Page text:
PHILADELPHIA (CBS) - Some things make schools better—longer days, extended school years, good teachers and high expectations among them. A report from the Annenberg Institute for School Reform looks at community organizing as a means of systemic education reform.
Many innovative reforms fail because of lack of trust, understanding, or cultural relevance to the community and the high turnover of reformers– superintendents, principals, or outside organizations in high-need schools and districts. Reforms also fail because they don’t address the extreme inequities in resources between poor communities and their luckier counterparts.
Community organizing for school reform has the potential to create equitable changes, develop innovative solutions that reflect the knowledge of underserved communities, and build the long-term social capital of those communities to support schools and districts and hold them accountable for improving achievement as well.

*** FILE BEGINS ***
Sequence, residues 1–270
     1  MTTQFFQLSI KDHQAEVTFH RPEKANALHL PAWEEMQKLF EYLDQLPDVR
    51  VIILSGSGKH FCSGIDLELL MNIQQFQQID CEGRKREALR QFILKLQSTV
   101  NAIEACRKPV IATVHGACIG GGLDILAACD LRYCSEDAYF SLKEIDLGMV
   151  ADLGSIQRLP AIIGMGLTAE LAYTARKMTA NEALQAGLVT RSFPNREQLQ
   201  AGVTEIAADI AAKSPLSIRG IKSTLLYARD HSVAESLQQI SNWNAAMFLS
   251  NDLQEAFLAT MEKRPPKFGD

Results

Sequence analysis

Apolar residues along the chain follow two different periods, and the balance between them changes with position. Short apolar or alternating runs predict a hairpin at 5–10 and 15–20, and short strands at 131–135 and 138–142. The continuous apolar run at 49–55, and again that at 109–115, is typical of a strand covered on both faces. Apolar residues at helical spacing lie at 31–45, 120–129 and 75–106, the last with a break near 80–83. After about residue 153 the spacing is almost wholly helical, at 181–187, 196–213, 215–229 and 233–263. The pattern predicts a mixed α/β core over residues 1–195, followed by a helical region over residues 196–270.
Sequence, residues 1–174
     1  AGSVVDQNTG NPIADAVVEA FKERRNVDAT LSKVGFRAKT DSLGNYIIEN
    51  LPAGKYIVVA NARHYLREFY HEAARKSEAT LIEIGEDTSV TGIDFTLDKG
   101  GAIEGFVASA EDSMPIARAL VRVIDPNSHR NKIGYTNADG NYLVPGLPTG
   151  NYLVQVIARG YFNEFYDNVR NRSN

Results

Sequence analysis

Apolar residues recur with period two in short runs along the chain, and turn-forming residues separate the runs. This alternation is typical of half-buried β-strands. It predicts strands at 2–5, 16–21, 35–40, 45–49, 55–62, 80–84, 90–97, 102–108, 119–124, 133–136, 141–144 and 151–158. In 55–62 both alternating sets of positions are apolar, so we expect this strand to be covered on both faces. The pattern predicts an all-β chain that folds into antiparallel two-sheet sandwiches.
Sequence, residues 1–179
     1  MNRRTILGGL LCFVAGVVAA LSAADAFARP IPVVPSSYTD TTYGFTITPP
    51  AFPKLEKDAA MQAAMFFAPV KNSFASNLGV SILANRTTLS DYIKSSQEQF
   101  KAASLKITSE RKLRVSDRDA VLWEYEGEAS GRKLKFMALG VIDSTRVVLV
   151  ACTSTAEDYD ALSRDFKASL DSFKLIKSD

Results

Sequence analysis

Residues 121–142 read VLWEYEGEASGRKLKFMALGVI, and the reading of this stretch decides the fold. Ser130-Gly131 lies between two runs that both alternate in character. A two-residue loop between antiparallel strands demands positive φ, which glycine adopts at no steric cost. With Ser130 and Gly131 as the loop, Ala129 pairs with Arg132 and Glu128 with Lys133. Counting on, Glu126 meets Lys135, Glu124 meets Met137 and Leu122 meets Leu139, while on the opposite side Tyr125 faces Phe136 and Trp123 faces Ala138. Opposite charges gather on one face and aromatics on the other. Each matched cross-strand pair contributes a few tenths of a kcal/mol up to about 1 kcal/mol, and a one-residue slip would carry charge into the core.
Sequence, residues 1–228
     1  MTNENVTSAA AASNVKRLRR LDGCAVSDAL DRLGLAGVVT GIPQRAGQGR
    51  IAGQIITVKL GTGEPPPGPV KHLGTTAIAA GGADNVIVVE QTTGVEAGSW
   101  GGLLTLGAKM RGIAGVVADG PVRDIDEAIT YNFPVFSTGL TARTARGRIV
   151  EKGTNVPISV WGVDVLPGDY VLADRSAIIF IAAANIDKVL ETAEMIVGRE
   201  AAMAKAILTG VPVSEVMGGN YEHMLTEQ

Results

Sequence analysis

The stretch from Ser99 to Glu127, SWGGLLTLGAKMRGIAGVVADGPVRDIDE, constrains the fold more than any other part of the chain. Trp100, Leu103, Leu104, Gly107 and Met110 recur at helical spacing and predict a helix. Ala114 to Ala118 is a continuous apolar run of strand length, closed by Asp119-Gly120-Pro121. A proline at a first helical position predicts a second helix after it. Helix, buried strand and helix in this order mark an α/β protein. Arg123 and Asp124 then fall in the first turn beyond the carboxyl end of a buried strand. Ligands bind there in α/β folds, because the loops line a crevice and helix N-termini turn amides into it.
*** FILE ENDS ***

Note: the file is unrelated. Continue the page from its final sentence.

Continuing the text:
The executive summary cites networks at the city, regional, and national levels, and a directory of community organizations involved in New England education reform.
Reported By Dr. Marciene Mattleman, KYW Newsradio